B-Real & Everlast Reunite On A New Song To Show They Can Still Shake ‘Em Up (Audio)

Life is too short to listen to bad music. So…let AFH fight through it for you and only supply you with that great stuff. Despite the reports, Hip-Hop is alive and well and, in many ways, is better than it’s ever been. Not only are we able to go back and listen to all of our favorites, at the click of a button, there is also a ton of great music still being made by artists, young and veteran alike…if you know where to look.

To help with that task, we’ve created two playlists. One features more recent music—songs that have been released within the last year or so—while the other is throwback, focused on the 1980s and ’90s. We update each of these playlists regularly, so, if you like what you hear, subscribe to follow us on Spotify.

Two years removed from the release of Lucky 7, the increasingly ascending DJ/Producer aficionado Statik Selektah returns with 8, his fittingly-titled eighth studio album. An absolute staple in the production sphere, Statik, who in May even further enhanced his resume by signing a management deal with Roc Nation, has been apt to attract a robust roster of MCs for guest features on his albums in recent past. Undoubtedly staying the course, Statik enlists an abundance of acclaimed lyricists on 8, including the late Prodigy and Sean Price, Raekwon, Royce 5’9, The LOX, Run The Jewels, Joey Bada$$, Action Bronson, 2 Chainz, and Joyner Lucas among a scattering of others.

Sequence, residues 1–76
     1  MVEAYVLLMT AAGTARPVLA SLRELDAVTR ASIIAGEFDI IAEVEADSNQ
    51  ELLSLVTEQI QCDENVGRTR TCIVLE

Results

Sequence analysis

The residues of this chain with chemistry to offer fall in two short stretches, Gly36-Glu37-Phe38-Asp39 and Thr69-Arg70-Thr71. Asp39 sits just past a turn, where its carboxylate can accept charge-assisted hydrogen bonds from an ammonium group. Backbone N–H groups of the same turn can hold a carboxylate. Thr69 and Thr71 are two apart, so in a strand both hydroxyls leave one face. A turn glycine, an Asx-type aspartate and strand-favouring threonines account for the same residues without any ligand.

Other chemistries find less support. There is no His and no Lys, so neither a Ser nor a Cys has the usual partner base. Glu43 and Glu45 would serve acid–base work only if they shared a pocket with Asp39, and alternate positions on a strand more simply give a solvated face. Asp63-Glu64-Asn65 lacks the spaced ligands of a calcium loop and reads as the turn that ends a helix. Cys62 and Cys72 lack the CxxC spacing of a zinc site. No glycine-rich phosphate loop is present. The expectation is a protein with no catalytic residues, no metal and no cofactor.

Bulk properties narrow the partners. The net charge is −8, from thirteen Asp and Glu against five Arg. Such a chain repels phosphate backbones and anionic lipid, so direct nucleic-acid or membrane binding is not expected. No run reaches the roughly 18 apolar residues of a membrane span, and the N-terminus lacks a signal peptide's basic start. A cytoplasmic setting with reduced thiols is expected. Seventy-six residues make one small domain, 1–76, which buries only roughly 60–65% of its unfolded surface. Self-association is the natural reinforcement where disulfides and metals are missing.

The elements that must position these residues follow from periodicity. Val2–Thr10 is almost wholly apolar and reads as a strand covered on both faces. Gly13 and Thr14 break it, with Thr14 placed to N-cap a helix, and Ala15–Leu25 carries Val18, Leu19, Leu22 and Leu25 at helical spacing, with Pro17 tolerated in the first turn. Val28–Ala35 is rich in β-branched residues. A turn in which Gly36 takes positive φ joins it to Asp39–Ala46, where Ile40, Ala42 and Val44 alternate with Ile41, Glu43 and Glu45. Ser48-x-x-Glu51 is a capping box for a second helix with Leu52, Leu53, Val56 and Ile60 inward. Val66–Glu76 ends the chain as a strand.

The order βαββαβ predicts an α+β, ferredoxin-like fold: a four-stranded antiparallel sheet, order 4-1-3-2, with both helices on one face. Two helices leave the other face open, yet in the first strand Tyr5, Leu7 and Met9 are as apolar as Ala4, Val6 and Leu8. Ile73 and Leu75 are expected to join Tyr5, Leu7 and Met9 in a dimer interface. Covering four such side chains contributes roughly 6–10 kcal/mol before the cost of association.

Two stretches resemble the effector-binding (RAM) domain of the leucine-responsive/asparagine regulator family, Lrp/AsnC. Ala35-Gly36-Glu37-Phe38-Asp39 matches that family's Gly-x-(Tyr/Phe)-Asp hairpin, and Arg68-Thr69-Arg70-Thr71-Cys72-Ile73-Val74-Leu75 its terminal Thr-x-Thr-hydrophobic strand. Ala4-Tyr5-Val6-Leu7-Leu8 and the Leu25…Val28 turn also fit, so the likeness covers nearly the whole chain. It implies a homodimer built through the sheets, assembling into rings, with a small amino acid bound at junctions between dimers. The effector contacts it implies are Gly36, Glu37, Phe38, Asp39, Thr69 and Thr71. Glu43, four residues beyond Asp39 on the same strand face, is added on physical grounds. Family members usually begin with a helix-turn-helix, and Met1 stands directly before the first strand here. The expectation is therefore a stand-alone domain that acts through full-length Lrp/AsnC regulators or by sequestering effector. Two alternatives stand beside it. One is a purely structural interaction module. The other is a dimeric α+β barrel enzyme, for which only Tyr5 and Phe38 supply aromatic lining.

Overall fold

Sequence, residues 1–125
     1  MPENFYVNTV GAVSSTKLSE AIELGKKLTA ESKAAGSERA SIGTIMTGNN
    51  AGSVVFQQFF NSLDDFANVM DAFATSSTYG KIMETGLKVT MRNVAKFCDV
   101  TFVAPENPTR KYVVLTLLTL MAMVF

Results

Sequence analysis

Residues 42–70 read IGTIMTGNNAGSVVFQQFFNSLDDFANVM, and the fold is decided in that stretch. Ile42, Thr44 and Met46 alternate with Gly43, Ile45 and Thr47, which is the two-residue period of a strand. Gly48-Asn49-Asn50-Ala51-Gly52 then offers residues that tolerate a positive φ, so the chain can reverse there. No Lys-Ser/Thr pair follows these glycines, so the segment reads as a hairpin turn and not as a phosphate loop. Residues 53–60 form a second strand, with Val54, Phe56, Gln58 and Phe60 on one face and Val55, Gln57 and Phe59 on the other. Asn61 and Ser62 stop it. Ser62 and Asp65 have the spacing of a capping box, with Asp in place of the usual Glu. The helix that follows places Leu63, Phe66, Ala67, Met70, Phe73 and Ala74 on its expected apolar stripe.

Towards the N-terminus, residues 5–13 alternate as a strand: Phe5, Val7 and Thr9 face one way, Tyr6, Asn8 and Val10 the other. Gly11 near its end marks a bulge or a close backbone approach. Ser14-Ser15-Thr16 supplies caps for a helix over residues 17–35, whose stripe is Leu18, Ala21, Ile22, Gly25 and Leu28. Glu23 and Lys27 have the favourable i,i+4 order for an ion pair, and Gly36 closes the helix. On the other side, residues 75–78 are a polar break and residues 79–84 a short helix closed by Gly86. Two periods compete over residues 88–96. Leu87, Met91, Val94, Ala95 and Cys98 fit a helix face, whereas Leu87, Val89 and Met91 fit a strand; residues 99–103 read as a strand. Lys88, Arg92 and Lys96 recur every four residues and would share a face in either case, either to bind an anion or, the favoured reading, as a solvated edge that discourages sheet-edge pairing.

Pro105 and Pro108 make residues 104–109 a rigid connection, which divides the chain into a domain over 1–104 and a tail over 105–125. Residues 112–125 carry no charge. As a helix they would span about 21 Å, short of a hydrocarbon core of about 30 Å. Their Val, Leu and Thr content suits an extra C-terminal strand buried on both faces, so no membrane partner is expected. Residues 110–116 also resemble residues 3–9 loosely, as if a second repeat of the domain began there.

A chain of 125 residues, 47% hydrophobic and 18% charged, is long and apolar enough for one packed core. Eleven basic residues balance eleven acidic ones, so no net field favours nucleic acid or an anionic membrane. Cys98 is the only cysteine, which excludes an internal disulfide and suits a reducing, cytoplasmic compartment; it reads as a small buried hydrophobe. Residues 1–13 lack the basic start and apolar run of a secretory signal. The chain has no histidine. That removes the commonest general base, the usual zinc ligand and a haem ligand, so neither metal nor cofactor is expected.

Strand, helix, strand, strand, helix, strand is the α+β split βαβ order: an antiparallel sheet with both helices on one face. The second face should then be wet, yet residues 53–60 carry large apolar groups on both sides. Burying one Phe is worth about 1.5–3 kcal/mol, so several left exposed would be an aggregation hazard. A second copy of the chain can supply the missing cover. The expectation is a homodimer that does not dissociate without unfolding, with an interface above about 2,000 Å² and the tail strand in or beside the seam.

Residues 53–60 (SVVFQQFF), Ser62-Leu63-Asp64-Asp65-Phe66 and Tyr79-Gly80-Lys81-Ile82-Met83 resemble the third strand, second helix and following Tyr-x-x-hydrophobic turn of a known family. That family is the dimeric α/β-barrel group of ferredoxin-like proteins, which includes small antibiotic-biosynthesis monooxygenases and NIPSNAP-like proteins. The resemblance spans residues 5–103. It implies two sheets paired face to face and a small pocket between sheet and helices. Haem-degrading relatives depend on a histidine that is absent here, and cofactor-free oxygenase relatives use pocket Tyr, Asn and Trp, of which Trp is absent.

Everlast, Sick Jacken & Divine Styler Declare War Alongside B-Real, Vinnie Paz & More (Mixtape)

Towards the end of the project, Statik Selektah appoints two veteran Soul Assassins in B-Real (of Cypress Hill) and Everlast (of House of Pain) to merge lyrical efforts on the track “Shakem Up.” Statik perfectly sets up a high intensity, drum-slapping, bass-heavy arena in which B-Real’s nasally attack immediately thrives in (reworking the opening to Biggie’s “Juicy”). Everlast follows suit with a fast reference to Nice & Smooth inside his barrage of raspy bars. Statik’s ability to stay honest to his production identity while tweaking just enough to cater to an MC’s comfort zone benefits the entire album, but specifically allows “Shakem Up” to hover in that early ’90s DJ Muggs-helmed space upon which B-Real and Everlast successfully assembled their fruitful careers.

In addition to some new Statik Selektah joints, the playlist has been updated with highlights from Eminem, Jaden Smith, CyHi The Prynce, Scarface, Rapsody, Talib Kweli, Evidence, Fabolous, Jadakiss, Big K.R.I.T., Wu-Tang Clan, MED, Blu, Madlib, and a host of others.